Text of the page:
Funny, his press release doesn't mention that King opposed final passage of the bill containing this "important pro-life" amendment.
These other House votes from June 16 caught my eye:
Republican Steve Scalise of Louisiana offered an amendment to "prohibit use of funds to implement the Departmental Regulation of the Department of Agriculture entitled 'Policy Statement on Climate Change Adaptation'." That amendment passed 238 to 179, and Boswell was one of only 10 Democrats to cross party lines to vote for it. King and Latham also voted for the Scalise amendment, while Braley and Loebsack voted no. Boswell has never championed federal action to combat global warming, citing concerns about the effect on agriculture. His vote for the 2009 House climate change bill is sure to be an issue in his 2012 race against Latham in the new IA-03. Looks like Boswell doesn't want to give Latham any more ammunition on that front.
Iowa's five House members all voted against Republican Jeff Flake's amendment to "prohibit the use of funds to be used for the construction of an ethanol blender pump or an ethanol storage facility," but that amendment passed easily by 283 to 128. It's another sign of bipartisan backing for withdrawing federal government support of the ethanol industry.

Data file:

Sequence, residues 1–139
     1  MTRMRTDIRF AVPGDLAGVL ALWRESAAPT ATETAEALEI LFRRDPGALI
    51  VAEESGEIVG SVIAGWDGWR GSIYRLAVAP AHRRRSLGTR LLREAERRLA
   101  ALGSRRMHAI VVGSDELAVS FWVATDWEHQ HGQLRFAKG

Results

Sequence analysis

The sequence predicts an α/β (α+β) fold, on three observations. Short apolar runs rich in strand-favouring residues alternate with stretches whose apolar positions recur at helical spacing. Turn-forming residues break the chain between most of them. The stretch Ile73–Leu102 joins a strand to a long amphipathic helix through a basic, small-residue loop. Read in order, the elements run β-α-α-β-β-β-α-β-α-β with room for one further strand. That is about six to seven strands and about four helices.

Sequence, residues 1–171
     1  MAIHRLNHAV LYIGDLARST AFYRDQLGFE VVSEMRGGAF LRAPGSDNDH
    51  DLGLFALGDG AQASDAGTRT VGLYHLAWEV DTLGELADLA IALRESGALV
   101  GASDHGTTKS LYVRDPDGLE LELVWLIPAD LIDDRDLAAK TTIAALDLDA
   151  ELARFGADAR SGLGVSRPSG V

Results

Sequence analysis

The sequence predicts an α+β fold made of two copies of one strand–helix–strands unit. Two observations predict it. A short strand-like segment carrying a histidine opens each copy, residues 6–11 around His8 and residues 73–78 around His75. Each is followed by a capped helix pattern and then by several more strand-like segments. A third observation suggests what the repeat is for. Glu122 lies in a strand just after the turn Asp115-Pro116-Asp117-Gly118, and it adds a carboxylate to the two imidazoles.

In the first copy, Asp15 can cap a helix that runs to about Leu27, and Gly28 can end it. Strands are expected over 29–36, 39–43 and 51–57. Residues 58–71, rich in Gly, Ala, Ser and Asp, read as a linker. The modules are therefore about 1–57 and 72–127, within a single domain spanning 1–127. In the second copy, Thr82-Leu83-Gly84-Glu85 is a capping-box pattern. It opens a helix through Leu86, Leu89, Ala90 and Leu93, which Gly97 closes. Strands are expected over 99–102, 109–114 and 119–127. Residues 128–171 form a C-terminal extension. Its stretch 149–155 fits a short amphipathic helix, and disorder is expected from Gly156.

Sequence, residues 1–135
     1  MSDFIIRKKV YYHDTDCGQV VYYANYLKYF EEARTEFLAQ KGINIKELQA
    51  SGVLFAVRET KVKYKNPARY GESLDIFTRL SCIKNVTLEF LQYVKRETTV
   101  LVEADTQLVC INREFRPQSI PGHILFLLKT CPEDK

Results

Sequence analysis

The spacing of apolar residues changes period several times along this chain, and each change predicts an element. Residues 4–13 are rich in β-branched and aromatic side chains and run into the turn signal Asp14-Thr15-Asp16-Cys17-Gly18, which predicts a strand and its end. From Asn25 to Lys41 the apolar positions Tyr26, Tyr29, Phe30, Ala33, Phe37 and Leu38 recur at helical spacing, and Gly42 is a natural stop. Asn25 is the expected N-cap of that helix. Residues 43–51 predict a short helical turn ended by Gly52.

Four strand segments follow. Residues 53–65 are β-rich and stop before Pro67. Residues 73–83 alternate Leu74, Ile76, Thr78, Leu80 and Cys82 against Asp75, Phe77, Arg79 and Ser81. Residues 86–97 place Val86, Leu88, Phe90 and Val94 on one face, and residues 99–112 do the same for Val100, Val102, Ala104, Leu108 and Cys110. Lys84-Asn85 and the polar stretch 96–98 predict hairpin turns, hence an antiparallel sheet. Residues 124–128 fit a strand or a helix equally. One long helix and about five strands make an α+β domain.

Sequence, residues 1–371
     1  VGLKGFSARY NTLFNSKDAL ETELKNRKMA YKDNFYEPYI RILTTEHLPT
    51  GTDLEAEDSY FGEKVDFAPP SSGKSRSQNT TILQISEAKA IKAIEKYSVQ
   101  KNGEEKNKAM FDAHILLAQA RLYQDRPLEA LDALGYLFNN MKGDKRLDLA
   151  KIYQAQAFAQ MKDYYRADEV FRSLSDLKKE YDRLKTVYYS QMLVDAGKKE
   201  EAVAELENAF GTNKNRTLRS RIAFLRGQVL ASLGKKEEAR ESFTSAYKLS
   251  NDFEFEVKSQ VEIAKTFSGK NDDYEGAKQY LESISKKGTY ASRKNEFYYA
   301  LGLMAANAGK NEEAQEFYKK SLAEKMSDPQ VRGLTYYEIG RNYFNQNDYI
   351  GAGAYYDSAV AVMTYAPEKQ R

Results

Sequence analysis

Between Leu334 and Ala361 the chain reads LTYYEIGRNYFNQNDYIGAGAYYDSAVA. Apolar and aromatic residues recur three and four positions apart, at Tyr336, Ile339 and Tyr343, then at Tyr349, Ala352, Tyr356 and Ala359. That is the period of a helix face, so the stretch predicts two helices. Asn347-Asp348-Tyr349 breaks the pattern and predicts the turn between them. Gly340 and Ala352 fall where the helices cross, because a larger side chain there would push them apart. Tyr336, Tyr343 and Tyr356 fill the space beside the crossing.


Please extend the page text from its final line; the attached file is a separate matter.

A different amendment offered by Flake would have blocked certain agriculture subsidies for persons or entities with average adjusted gross income exceeding $250,000. Those limits drew significant support from both parties, but the amendment failed 186 to 228. Boswell, Loebsack and Braley all supported the amendment, while Latham and King voted to preserve the status quo.
Democrat Earl Blumenauer offered an amendment to cap certain kinds of subsidies at $125,000 per person or legal entity. All five Iowans voted no as that amendment failed 154 to 262.
By voice vote, the House approved Don Young of Alaska's amendment to "prohibit the use of funds made available by this Act to the Food and Drug Administration to approve any application for approval of genetically engineered salmon."
Democratic attempts to increase spending in some areas mostly failed. For example, all three Iowa Democrats supported an amendment to spend $1 million more on the Center for Food Safety and Applied Nutrition. Latham and King voted no as that amendment went down 193 to 226.
On the other hand, the House voted down many Republican amendments calling for deeper spending cuts. All of Iowa's representatives voted against most of the amendments slashing funds for agriculture programs (Rural Housing Assistance Grants, McGovern-Dole International Food for Education and Child Nutrition Program Grants, Agricultural Marketing Services, etc).